Feeds:
Posts
Comments

Posts Tagged ‘ad’

Passer la nuit sur la corde à lingeIf you share the bed with someone who snores, you know all about having rough nights and getting little sleep. (Get a good pair of ear plugs.)

In French, when you have a rough night, you could say that you’ve spent the night on the clothesline!

I spotted this ad in the métro earlier today. Sorry, the image is a little blurry. It was a bumpy train ride.

The ad asks: Est-ce que vos matins ressemblent à ça? Is this what your mornings look like?

In the image, we see a grumpy guy hanging on a clothesline with his happy-face cup of coffee.

Around him, we read solutions to sleepless nights offered by the business, like good mattresses and pillows. (They forgot the ear plugs.)

But why is the guy hanging on a clothesline? Because he’s had a sleepless night: Il a passé la nuit sur la corde à linge!

passer la nuit sur la corde à linge
to have a rough night, a sleepless night
(literally: to spend the night on the clothesline)

Remember: passer is pronounced pâsser in Québec.

Read Full Post »

Election signs in Montréal

Election signs in Montréal

1. ch’t’à boutte

While doing a search on Google, I stumbled across the phrase ch’t’à boutte.

Ch’t’à boutte is a colloquial way of saying, “that’s it, I’ve had it!” You can’t take it anymore because you’re at the boutte, the end.

Ch’t’à boutte!
I’ve had it!
I’m fed up!

In this example, je suis à is pronounced as ch’t’à. The ch sound comes from a contraction of je suis to j’s, which sounds like ch. The t sound in there helps to join the ch sound to the à.

It’s not just in this example that you might hear ch’t’à. For example, ch’t’à Montréal means je suis à Montréal.

Boutte means bout. Pronouncing bout as boutte is a feature of informal speech. The expression être à boutte is an informal one, so you can pronounce bout as boutte here. When you’re using bout in its general sense of “end” (e.g., le bout du monde), I recommend you stick with the standard pronunciation bou.

2. brigadier scolaire

A crossing guard helped children to cross the street at an intersection. She was wearing a uniform with brigadier scolaire (crossing guard) printed on her back.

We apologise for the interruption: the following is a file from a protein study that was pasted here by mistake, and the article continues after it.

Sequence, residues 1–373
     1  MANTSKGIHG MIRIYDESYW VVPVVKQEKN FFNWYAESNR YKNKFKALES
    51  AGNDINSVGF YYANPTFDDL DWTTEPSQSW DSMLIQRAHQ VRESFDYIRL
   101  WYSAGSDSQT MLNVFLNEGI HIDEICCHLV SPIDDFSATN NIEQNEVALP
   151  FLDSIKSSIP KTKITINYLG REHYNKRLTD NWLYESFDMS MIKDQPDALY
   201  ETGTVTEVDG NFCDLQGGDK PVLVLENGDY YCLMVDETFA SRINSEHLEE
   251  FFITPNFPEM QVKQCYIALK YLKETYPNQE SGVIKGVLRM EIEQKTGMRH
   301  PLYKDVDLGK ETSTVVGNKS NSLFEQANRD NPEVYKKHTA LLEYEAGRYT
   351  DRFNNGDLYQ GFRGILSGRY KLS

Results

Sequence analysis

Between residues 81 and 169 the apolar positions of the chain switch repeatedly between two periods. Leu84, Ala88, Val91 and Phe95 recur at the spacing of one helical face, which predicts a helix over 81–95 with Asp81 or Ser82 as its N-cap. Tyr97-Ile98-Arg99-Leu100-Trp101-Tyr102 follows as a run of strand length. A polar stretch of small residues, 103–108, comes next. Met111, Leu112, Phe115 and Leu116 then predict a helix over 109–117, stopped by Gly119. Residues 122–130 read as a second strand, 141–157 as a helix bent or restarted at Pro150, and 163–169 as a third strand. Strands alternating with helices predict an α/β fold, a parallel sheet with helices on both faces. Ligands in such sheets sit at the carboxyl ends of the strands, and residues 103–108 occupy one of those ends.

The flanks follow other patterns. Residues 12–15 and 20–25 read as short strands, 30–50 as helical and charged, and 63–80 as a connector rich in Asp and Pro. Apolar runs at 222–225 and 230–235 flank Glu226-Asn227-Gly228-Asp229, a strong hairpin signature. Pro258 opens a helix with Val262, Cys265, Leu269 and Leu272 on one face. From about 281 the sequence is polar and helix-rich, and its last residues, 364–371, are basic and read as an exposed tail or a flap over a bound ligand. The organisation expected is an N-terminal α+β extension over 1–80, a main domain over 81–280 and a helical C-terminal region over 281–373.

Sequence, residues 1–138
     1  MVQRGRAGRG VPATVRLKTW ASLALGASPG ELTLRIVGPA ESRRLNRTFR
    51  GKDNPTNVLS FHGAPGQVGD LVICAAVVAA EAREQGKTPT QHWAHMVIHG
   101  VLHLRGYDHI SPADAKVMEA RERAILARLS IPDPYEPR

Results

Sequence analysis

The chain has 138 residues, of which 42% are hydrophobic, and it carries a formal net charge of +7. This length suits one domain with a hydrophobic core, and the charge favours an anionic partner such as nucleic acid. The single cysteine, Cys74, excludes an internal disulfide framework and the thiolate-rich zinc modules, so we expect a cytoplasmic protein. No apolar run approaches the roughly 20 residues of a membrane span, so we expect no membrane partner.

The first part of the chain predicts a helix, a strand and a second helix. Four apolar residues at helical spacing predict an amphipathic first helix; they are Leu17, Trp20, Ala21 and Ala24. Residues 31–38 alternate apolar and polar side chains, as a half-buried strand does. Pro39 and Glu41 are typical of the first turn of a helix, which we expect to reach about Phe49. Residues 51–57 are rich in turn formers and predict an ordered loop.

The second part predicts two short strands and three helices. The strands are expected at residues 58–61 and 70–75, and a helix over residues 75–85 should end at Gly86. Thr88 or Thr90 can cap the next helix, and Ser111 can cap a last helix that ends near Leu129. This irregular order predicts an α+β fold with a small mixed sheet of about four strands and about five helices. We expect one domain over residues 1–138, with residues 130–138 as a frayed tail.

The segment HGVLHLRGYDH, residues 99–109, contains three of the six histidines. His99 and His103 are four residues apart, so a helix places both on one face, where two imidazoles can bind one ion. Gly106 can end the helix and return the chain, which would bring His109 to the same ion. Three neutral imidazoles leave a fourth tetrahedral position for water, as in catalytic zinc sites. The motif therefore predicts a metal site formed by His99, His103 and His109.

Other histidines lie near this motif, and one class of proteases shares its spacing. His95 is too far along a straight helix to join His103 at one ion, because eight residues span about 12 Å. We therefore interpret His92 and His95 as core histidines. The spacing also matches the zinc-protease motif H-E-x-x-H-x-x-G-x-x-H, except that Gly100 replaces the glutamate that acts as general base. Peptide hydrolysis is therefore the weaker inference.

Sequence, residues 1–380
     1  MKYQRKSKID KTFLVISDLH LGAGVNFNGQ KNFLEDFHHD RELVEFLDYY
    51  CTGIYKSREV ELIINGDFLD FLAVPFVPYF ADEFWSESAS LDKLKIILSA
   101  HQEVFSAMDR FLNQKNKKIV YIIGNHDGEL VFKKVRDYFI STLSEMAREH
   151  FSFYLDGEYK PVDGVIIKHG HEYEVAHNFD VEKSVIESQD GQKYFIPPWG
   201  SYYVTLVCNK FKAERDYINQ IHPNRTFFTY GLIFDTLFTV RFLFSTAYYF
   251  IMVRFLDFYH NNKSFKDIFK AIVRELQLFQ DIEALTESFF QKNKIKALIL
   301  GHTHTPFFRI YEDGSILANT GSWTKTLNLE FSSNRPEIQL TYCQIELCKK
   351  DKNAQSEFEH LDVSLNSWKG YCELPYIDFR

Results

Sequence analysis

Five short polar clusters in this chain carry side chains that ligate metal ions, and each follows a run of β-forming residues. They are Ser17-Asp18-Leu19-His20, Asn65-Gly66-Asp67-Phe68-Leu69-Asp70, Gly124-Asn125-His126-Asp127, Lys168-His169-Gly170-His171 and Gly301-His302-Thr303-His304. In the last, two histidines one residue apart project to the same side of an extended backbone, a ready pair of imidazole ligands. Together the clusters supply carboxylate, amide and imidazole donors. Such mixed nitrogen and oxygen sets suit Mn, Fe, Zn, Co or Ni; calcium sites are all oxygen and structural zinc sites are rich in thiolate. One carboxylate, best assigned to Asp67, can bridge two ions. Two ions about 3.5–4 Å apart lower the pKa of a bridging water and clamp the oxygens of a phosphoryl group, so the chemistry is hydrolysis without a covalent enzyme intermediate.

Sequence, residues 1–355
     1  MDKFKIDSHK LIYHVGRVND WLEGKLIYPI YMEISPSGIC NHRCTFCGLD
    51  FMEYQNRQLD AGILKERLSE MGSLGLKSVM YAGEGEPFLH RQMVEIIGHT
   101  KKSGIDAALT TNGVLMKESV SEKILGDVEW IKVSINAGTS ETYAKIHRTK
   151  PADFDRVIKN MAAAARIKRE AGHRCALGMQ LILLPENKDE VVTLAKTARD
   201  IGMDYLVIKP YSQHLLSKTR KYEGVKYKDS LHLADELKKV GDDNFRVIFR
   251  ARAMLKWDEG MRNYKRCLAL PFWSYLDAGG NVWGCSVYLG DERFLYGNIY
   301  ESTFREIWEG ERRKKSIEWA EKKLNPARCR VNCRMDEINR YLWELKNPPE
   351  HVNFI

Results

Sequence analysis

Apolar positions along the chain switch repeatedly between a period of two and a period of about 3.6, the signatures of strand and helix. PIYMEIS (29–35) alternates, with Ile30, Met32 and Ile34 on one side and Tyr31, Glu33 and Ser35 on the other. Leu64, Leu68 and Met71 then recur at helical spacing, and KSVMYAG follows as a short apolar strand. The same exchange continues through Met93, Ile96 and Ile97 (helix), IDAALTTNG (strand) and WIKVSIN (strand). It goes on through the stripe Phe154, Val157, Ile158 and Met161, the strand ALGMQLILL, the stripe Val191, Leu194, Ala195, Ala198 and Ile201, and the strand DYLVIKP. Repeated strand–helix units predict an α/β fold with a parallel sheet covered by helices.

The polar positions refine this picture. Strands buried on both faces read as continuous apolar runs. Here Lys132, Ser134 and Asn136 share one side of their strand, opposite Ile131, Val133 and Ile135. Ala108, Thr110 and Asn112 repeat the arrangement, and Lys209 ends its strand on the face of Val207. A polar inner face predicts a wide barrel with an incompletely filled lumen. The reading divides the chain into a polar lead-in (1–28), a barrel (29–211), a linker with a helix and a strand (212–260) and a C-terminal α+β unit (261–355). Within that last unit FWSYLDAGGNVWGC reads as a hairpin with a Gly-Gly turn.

I think all of the crossing guard uniforms in Montréal say brigadier scolaire on them, which is the masculine form. It would have been better if her uniform said brigadière scolaire because she’s a woman.

C'est l'automne, il vente fort chez nous

C’est l’automne, il vente fort chez nous

3. il vente fort

The verb venter means “to be windy.” Il vente fort means “it’s really windy” or “the wind is blowing really hard.” I spotted an ad in a newspaper for a furniture store that reads: C’est l’automne, il vente fort chez nous.

Literally, this means: It’s autumn, and the wind is blowing really hard in our store. But it’s actually a play on words because vente also means “sale.”

In Québec, vente is often used interchangeably with solde in the sense of “sale” (i.e., when prices are reduced). In shop windows, sometimes you’ll see a sign that reads VENTE, and other times you’ll see SOLDES. They both mean that prices have been reduced in the shop.

Speaking of ventes, many people hold a vente de garage in the warmer months to sell their excess junk lying around the house. The vente de garage isn’t always held in the garage, though. The items for sale are often put on display in front of the house on the lawn or in the driveway.

Read Full Post »

Remember this ad aimed at people with drug addictions?

Tanné d’être gelé?
Had it with being stoned?
Sick of being stoned?

Literally, gelé means frozen.

That sums up how someone who’s stoned looks.

Tanné means fed up. So, je suis tanné (which you can also hear pronounced informally as chu tanné or chui tanné), means “I’m fed up” or “I’ve had it.”

Tanné d'être gelé?I saw a new version of the ad the other day.

Now that it’s summer, the ad reads like this:

Tanné d’être gelé?
même l’été

It’s a play on words:

Had it with being frozen (i.e., stoned), even in the summer?

Read Full Post »

Tanné d'être gelé?

This ad seen in métro Atwater asks:

Tanné d’être gelé?
Had it with being stoned?

The ad is aimed at people with drug, alcohol and gambling addictions.

être tanné de
to be fed up with

gelé
stoned, drugged

Read Full Post »

« Newer Posts